A unique variant of LCMV known as “clone 13” establishes a persistent infection by exhausting the virus-specific T cells that are required to clear the infection. It does this by boosting signals through T-cell receptors such as PD-1 and IL-10. The discovery that LCMV clone 13 can survive by switching off anti-LCMV T cells was quickly followed by the recognition that cancers often persist using the same trick.

Immunotherapies that block signaling from PD-1 or similarly acting receptors to restore T cells’ anticancer responses are among the most powerful cancer medicines available today. These therapies save many patients who in the past had seemingly untreatable tumors. But because treatment with these drugs typically works well for only a few cancers, including melanoma, and less often on other cancers, scientists suspect that cancers usually hijack multiple inhibitory T-cell pathways. This suggests that a combination of immunotherapies directed to different molecular pathways could be more effective than the current therapy.

“The idea now is to develop more immunotherapy drugs and find the best combinations of them,” Oldstone said.

The new system is designed to enable scientists to swiftly find such drugs—in this case, pharmacologically active small-molecule compounds that might work better than, or augment, the current injectable antibody immunotherapies now available. The system uses T cells that have been exhausted by LCMV clone 13 and detects signs of renewed activity in these cells when a tested compound works to reawaken them. An advantage of the new method is that it is specific and highly automated; thus, thousands of compounds can be tested within days, with the hits verified in experiments involving mice.

Oldstone and colleagues applied the new screening system to a drug repurposing library of more than 12,000 compounds that either are FDA-approved or have been tested as potential drugs. They quickly identified 19 hits, compounds that, at modest doses, can effectively resurrect the activity of exhausted T cells.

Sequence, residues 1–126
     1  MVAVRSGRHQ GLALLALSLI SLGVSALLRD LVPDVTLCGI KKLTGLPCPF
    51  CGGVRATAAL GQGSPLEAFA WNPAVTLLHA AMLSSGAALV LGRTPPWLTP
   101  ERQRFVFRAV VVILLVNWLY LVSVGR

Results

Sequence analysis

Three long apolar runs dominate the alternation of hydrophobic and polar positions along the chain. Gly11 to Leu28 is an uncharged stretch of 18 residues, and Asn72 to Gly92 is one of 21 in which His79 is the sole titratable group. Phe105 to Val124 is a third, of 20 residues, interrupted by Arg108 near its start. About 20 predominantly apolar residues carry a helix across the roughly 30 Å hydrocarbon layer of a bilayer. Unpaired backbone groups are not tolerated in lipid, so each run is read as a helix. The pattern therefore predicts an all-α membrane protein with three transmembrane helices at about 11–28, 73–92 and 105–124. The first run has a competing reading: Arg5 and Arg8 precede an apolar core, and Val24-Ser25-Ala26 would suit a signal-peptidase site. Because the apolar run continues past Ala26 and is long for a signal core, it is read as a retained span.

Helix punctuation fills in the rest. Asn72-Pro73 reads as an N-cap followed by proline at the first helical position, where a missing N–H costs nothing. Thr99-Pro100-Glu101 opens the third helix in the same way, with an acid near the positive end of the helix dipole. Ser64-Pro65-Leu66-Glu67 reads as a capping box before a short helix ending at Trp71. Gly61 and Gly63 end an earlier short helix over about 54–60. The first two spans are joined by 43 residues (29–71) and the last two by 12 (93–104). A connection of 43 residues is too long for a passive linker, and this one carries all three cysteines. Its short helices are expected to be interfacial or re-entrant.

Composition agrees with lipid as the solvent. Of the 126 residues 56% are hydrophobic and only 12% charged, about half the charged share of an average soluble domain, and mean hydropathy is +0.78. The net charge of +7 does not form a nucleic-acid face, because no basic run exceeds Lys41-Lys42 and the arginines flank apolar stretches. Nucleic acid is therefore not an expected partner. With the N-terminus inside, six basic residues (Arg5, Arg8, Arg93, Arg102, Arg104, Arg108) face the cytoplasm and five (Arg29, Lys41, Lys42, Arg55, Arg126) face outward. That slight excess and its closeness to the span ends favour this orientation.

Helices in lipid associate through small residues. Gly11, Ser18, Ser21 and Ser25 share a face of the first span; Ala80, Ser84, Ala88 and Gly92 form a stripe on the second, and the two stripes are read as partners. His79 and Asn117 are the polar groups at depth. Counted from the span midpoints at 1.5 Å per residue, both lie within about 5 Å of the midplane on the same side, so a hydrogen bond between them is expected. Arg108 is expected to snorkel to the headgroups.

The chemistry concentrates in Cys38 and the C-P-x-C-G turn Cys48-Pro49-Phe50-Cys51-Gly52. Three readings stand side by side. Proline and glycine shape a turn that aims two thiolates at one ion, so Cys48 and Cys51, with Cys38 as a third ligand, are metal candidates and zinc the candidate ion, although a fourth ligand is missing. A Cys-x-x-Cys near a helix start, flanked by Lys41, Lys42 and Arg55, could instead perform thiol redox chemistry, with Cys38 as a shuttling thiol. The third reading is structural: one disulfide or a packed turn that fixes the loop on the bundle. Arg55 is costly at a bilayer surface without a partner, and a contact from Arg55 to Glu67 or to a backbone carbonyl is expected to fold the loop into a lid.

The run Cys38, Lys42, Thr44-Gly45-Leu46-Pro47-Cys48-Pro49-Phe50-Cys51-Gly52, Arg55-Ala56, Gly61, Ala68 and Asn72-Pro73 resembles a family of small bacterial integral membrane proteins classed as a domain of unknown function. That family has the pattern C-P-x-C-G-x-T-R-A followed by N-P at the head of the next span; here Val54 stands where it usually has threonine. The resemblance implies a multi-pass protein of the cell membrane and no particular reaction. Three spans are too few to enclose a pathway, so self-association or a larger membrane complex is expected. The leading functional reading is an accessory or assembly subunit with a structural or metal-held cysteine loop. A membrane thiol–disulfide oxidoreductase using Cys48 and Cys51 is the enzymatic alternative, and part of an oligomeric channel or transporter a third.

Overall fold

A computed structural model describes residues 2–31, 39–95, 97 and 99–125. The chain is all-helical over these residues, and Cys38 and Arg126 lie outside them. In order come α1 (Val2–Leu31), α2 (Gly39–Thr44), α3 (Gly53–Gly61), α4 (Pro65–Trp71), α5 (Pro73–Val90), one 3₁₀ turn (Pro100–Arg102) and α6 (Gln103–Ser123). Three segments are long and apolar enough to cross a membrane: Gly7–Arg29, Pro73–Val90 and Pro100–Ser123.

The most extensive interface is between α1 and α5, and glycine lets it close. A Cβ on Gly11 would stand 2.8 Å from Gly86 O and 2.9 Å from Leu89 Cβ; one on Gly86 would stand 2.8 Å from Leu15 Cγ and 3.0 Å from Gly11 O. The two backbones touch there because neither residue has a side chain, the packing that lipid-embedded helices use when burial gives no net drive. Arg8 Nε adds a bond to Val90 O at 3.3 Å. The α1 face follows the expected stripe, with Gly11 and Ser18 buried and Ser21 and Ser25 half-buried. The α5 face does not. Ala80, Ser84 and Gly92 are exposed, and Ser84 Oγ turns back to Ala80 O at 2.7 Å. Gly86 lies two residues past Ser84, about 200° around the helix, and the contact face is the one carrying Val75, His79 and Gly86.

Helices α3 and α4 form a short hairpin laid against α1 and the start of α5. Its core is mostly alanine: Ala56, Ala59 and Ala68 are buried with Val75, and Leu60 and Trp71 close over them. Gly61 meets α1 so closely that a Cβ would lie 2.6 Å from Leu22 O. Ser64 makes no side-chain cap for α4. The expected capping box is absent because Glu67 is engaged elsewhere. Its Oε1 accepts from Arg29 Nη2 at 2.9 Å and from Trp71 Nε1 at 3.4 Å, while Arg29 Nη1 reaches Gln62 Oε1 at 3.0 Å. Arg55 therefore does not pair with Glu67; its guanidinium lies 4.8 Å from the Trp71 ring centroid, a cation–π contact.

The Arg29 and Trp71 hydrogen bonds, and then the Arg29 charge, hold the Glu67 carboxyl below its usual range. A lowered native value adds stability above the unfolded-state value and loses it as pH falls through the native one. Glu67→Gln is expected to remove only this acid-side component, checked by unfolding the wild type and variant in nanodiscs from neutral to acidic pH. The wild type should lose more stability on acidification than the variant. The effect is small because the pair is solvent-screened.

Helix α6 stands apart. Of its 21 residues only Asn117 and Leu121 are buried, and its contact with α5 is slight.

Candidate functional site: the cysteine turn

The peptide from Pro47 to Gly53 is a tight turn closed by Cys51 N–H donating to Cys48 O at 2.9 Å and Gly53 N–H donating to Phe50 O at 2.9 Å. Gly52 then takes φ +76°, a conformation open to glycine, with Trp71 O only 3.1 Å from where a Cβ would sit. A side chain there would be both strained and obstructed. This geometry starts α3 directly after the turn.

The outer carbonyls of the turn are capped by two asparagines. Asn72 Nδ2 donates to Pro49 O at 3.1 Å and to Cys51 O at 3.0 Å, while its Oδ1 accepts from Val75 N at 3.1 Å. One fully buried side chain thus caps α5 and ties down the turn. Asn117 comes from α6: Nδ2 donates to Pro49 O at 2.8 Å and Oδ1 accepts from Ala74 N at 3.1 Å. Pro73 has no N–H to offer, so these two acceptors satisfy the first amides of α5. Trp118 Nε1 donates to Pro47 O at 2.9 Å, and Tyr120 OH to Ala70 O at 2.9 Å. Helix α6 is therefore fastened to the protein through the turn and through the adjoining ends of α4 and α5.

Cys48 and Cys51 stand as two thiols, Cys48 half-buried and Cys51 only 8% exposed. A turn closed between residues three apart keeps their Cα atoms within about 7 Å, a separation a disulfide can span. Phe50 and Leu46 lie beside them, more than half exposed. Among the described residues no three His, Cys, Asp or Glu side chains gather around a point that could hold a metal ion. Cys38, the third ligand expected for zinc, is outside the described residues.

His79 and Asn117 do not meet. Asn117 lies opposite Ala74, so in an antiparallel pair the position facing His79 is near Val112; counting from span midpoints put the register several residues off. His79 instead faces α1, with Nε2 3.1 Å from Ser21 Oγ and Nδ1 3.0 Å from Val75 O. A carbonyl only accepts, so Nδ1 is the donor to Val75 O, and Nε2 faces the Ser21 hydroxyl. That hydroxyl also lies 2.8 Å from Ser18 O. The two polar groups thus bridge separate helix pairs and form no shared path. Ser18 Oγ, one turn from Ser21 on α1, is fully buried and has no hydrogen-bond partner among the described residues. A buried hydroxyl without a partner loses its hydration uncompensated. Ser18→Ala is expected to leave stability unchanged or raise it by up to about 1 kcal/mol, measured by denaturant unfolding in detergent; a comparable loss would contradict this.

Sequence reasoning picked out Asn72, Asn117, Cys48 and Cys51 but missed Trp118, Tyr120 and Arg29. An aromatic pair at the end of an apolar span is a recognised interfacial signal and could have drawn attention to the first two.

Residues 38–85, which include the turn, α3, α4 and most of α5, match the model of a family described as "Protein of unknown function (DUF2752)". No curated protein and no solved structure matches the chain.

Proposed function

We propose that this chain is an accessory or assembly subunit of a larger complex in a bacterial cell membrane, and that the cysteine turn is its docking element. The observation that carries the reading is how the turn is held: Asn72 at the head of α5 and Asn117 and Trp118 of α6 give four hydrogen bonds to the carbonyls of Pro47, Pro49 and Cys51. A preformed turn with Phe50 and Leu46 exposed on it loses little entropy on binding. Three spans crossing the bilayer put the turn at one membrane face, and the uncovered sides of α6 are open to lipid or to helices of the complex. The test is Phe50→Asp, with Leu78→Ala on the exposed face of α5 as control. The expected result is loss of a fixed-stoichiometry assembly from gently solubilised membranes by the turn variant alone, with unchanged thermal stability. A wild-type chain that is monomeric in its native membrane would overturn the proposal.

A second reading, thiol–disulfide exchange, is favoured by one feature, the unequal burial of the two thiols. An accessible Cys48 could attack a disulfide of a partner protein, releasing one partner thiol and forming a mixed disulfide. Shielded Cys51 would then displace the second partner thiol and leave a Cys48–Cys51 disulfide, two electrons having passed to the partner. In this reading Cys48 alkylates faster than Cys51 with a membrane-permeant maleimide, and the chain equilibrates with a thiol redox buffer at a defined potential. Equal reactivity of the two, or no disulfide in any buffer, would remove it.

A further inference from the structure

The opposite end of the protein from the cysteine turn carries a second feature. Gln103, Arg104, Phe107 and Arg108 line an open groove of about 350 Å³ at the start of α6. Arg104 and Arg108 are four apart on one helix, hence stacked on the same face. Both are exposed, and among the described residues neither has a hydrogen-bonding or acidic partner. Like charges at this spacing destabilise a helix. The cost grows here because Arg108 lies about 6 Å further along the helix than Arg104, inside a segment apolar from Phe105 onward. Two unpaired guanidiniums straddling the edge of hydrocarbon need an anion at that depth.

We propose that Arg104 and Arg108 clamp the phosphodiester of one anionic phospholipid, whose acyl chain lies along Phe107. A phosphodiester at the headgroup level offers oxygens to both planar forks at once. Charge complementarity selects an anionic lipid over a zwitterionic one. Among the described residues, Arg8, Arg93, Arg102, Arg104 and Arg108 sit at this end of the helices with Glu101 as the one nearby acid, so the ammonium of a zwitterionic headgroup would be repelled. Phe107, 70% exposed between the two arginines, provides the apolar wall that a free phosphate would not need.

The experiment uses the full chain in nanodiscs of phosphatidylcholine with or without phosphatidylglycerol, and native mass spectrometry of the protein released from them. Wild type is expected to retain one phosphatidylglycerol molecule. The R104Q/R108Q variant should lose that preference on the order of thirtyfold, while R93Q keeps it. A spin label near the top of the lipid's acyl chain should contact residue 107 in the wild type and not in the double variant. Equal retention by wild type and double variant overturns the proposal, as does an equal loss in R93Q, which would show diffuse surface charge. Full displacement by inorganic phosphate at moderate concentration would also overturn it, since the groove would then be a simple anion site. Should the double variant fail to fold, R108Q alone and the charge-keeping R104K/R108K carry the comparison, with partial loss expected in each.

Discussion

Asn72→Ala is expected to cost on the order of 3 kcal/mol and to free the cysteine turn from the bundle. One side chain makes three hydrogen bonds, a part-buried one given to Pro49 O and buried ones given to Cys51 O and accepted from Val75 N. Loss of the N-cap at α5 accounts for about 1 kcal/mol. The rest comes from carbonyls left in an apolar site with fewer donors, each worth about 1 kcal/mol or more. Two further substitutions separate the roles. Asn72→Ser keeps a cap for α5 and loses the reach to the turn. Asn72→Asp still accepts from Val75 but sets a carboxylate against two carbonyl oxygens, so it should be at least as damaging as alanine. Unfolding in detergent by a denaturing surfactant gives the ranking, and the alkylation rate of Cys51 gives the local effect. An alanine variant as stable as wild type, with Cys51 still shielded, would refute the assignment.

One of these compounds, ingenol mebutate, is a plant-derived molecule that is already used in gel form (Picato) to treat actinic keratosis, a precancerous skin condition. The researchers employed elements of their screening system to study the reactivated T cells and determined that ingenol mebutate restores function for these cells largely by activating signaling enzymes called protein kinase C enzymes, a known pathway of activity for this compound.

Co-first authors of the study, postdoctoral fellows Brett Marro, PhD, and Jaroslav Zak, PhD, in the department of immunology and microbiology, are currently collecting and exploring the therapeutic potential of other reported hits that may work in combination with treatments that block PD-1 and another T-cell-inhibitory receptor, CTLA-4. Indeed, one such hit in combination with antibody to PD-L1 is already undergoing evaluation in patients.

Oldstone noted that the new screening approach is flexible enough to adapt for finding compounds that have other effects on T cells, such as reducing T-cell activity to treat autoimmune conditions.